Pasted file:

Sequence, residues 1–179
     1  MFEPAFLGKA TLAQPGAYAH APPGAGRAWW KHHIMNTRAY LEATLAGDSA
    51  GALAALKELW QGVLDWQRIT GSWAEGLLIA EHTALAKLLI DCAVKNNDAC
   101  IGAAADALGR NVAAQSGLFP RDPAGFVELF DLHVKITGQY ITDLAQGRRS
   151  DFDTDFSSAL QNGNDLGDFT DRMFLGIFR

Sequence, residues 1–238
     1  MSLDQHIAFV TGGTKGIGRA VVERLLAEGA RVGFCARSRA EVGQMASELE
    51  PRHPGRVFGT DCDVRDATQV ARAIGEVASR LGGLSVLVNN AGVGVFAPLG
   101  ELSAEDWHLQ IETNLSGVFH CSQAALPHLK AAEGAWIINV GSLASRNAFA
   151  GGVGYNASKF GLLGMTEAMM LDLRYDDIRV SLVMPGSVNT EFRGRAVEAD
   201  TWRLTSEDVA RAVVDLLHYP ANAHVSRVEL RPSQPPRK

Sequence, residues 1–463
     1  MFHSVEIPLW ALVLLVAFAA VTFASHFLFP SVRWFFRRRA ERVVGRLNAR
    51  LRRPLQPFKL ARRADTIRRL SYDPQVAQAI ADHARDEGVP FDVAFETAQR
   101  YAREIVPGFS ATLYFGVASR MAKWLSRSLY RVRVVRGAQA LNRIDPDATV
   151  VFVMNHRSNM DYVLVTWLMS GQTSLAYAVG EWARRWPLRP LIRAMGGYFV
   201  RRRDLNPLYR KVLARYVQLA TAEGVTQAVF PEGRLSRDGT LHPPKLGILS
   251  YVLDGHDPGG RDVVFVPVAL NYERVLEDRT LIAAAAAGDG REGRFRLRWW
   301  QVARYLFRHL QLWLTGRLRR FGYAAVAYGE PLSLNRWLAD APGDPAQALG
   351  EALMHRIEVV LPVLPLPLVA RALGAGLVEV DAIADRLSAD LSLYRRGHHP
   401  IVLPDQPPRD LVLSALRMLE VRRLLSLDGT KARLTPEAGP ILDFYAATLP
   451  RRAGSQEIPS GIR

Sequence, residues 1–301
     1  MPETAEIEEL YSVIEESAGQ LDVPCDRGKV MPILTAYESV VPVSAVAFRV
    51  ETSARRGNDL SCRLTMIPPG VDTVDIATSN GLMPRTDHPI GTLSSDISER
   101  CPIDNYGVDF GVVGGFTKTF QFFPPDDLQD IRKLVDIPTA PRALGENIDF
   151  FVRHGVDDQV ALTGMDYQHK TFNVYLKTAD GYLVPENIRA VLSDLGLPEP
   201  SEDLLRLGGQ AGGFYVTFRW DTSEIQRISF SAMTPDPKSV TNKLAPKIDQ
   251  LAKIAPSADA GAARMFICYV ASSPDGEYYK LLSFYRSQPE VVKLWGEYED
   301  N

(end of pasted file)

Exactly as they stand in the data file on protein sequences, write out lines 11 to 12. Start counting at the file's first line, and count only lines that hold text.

   201  TWRLTSEDVA RAVVDLLHYP ANAHVSRVEL RPSQPPRK

Sequence, residues 1–463